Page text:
Don’t presume your partner isn’t going through the same thing you are. Everyone has a different way of reacting to the situation. Talking about your feelings with professionals and close friends is a great way to unburden yourself. In the beginning, conflicting thoughts may be frequent.
When we try to predict the future we can wind up feeling apprehensive and discouraged. The important thing is to try and live one day at a time. Our tendency is to plan our lives and that of our families based on our current experiences. But society and science have greatly advanced and continue to progress rapidly, so your child’s possibilities in life will become better as time goes on.
Take care of yourself
Our own health is of vital importance. Every child’s arrival is accompanied by a complex mixture of reactions and new feelings that will begin to surface. Adoption processes are usually difficult and tiring, and it may be that the child comes with challenges different from those you imagined initially. It is important to expect good and bad days, and to let yourself cry if you need to. And, like all new parents, it is important to rest.
Do things you like. Eat your favorite food. Do research. Find information. The fear of the unknown can complicate things, raise doubts, but try to look only for the information that can help you in this moment. Don’t exaggerate. Permit yourself time to recuperate and process.
With the passage of time, your feelings start to change and things become easier. Get to know your child. Give them affection, feed them, take pictures. Reserve some time for yourself. Visit a calm place where you can simply forget about your problems for some time.
Talk to other parents. ANGAAD - Brazil’s National Association of Groups in Support for Adoption provides, on their website, the contact of various adoption support groups throughout the country. Find out if a similar association exists in your country. Send a message. Pick up the phone. The first time may be difficult, but it really helps to talk to someone who has been through the experience. Ignore useless comments, even if they come from people close to you.
Oxygen masks and our priorities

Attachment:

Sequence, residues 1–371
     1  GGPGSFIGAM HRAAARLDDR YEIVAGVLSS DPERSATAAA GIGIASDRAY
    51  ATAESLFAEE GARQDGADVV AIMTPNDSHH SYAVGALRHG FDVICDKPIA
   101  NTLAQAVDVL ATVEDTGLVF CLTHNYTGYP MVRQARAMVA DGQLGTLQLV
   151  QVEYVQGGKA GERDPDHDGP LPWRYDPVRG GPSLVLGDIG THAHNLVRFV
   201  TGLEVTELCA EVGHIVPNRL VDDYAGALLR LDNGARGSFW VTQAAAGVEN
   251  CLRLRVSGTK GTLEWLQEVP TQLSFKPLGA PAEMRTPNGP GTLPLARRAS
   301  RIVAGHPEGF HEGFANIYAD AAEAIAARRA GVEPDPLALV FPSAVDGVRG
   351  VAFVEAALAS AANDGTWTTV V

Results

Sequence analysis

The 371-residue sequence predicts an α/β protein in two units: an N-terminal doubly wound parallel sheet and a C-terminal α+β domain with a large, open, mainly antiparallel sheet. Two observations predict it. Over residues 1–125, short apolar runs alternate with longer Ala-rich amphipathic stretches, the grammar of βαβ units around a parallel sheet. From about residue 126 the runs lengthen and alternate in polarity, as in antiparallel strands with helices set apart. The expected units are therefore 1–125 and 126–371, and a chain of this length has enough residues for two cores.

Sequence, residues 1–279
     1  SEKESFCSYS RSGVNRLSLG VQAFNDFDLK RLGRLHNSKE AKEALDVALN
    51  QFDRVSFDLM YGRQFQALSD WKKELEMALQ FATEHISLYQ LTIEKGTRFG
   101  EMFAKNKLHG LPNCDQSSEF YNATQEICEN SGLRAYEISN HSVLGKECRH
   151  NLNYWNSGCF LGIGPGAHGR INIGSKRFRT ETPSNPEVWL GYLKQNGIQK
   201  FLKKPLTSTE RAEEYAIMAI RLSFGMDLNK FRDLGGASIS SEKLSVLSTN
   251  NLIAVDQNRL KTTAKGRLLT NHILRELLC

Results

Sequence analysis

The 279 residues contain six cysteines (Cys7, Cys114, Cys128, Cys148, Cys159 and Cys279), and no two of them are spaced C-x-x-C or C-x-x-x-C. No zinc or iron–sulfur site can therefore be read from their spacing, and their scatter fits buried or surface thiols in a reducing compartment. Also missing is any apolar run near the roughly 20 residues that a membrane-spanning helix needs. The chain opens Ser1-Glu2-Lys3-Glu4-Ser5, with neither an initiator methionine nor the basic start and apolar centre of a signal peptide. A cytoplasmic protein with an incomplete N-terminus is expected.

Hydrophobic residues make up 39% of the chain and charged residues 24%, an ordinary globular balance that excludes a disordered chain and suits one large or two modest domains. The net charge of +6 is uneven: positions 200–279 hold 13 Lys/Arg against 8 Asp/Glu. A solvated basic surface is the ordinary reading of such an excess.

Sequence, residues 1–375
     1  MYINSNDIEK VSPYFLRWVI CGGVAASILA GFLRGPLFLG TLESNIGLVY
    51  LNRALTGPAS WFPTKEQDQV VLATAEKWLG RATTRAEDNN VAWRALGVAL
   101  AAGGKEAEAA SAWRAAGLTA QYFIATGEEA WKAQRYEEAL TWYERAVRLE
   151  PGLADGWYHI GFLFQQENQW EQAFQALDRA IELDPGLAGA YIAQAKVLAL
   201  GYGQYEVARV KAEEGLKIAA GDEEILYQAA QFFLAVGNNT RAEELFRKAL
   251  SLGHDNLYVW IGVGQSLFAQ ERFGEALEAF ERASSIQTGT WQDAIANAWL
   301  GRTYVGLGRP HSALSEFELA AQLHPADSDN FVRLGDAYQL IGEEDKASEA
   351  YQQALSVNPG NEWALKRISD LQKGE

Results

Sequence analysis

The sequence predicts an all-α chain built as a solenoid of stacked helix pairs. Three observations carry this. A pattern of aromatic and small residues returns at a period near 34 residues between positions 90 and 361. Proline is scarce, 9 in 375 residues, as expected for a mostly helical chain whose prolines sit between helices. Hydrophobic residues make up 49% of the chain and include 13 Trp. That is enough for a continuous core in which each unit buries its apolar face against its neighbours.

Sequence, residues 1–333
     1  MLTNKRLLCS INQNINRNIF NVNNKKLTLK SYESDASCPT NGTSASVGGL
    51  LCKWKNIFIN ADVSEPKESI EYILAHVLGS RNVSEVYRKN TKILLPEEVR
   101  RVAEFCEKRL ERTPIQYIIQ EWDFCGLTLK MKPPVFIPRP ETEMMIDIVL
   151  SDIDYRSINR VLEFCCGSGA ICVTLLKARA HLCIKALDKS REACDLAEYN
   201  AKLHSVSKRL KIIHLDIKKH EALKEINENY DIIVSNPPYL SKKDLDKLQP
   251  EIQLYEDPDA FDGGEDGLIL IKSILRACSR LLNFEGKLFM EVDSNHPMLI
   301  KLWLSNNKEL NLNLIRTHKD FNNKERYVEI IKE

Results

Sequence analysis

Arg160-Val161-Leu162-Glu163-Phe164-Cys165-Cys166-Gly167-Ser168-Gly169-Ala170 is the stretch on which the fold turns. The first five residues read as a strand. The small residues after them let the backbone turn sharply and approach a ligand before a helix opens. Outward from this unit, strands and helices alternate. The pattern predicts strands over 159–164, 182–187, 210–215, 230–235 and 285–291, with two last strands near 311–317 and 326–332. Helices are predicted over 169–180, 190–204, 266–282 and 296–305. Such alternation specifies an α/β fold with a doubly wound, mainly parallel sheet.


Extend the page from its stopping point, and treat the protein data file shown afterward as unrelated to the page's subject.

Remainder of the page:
When we’re on a plane, the flights attendant says: “In the case of depressurization of the cabin, oxygen masks will fall from the compartment above you. First, put on your own oxygen mask, then help those around you.” The message is clear. In an emergency, you must first help yourself in order to help others.
Many times, we let our personal care fall into second place. We can always wait a little longer to go to the doctor, the dentist, to eat healthier, to exercise… and sometimes the situation is graver still. We put off basic personal care like brushing out teeth, taking a shower, or even taking the appropriate medication.
It seems like there is always someone more important than us— children, partners, work, causes… We don’t always recognize these symptoms because they can be subtle and not bother those around us— after all, everyone is being taken care of, except for you, right?
The worst is that we only take note of this unbalance when our motors start to have trouble getting started. Then, it is a collection of diagnoses— emotional stress, depression, panic syndrome, and even strokes, aneurysms, and heart attacks. So, take care: if we don't properly take care of ourselves, we won’t be ready for when the oxygen mask falls before us.
Talking about your feelings to the other siblings
As a mother or father, you are the most indicated to decide how much information is adequate and necessary to give to your other children, depending on their age, their level of comprehension, and curiosity. Don’t be afraid to tell the children as soon as possible. Speak to them honestly and openly. Adoption can’t be a secret.
They may not understand or remember all the information, so follow their rhythm. Answer the questions as they come up. You can clarify things like:
Brothers and sisters are very important to a child.
Your new sibling will be your companion, you will be able to play and have fun together.
Your new sibling will want to participate and do the same things you like to do.
You can teach them your favorite games and learn with them how to play new games, too.
It will be great to count on one another and to learn together.
Your new sibling will have a different story to tell, other biological parents, and a past you didn’t participate in, but which composes their individuality. Don’t deny this. Treat it with naturality.